Using NPM Packages in Titanium

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Let’s begin with the fact that the above – Using NPM Packages in Titanium – is possible. Yep, it truly is. I noticed a lot of people were unaware of the fact they could just plug in any NPM package they wanted.

So… how do we set this up?
  1. Run npm init in the app/lib folder in your Alloy project, or in your Resources folder if you use a classic app (if you still do, time to move to Alloy though!).
  2. Follow the steps NPM gives you when doing the init. You don’t have to fill out anything
  3. Run npm i [packagename] in the lib folder to install a package, let’s say to.imagecache, so npm i to.imagecache.
  4. Add the lib/node_modules folder and the package-lock.json file to your .gitignore folder. No need to commit all these files when they can be restored easily.
  5. On any other machine you want to set this up, just go to your lib folder, run npm install and all packages will be installed to your app.

Usage of Packages

The usage is like any other module or lib file. Assuming you’ve installed to.imagecache, you can just include it like this:
var imageCache = require('to.imagecache');
  Because node modules are automatically found, it’ll work just as expected.

How to Find the Packages?

A lot of Titanium packages are found using the titanium keyword. However, to get more organised I’ve created the titanium-module keyword. When you’re creating a commonjs module/lib file that you want to share, please please publish it using the titanium-module keyword. You can find the packages here: https://www.npmjs.com/search?q=keywords:titanium-module As of now, there are just a couple packages, all in my name, using the keyword. However, I hope (and expect) more will be following soon. So if you’re a writer of modules, use NPM and publish it with the titanium-module keyword!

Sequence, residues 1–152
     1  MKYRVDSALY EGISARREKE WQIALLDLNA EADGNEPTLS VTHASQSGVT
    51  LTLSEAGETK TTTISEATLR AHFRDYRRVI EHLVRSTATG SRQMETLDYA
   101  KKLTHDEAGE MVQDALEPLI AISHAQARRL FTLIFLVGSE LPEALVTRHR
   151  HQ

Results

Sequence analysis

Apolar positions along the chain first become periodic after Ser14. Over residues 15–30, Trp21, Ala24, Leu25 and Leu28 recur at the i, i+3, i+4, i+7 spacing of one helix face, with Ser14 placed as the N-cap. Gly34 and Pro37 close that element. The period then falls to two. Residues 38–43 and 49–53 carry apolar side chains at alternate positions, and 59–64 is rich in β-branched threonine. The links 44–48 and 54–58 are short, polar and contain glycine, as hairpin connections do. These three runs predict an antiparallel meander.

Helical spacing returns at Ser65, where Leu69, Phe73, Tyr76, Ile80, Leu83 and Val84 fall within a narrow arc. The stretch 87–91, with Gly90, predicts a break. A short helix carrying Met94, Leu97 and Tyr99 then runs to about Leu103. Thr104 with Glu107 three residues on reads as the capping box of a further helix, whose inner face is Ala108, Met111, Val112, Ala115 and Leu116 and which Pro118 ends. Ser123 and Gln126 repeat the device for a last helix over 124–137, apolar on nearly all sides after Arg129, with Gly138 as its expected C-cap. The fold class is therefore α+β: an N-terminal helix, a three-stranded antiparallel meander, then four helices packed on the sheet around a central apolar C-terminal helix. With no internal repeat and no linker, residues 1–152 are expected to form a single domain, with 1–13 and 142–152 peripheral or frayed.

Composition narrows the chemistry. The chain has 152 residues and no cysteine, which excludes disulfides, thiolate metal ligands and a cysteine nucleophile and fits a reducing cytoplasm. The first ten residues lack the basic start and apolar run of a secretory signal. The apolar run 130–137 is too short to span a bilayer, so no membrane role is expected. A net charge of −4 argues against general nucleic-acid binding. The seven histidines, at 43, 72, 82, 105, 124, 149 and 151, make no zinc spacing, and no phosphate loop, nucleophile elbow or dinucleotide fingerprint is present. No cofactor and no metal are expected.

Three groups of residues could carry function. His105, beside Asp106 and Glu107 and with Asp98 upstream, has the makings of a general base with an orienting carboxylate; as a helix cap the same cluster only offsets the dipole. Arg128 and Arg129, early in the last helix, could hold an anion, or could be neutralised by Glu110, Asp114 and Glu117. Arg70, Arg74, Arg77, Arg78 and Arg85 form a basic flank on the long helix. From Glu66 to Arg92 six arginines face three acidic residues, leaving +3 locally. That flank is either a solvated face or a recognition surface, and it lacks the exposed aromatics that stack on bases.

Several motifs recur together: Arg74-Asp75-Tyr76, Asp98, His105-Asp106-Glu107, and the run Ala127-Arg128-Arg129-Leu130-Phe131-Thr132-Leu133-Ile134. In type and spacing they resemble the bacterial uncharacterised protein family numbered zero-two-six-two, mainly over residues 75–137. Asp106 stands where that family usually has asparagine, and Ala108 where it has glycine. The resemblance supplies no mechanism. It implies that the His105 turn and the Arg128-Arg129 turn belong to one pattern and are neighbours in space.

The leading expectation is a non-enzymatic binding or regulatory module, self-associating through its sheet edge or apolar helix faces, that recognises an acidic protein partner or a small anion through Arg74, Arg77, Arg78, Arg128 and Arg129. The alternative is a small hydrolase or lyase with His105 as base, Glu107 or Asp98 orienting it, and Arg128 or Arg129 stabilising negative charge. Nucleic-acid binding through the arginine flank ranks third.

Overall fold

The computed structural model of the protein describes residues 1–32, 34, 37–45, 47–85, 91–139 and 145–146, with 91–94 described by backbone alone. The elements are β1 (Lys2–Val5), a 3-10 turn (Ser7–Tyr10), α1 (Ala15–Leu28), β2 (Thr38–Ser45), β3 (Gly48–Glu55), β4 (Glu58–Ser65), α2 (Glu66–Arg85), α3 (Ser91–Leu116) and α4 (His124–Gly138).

Dependencies

Now comes a fun part. Dependencies! For the purpose of demonstration, I’ve created a package that extends to.imagecache for the purpose of having an ImageView that caches its own image with async loading. I’ve named this package to.cachedimageview and implementation is really simple.
  • Run npm i to.cachedimageview in your lib folder (or Resources for classic project).
  • This will install both to.cachedimageview and to.imagecache as the latter is dependent on the first.
  • Then all you need to do is use it in an ImageView like this:
    <ImageView id="myImage" module="to.cachedimageview" />

Your Turn

Now, it’s up to you. Start making awesome packages, extend the best packages out there and share them all below, on TiSlack and write blogposts about them!

Packages Available Now

And, if you are in the Amsterdam area next week, join us for the Titanium Netherlands Dev Meetup – where we’ll talk more about NPM and ES6 – RSVP
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10 Comments

  1. George

    I still prefer Classic over Alloy. Codebase in alloy is all over the place.

  2. Brian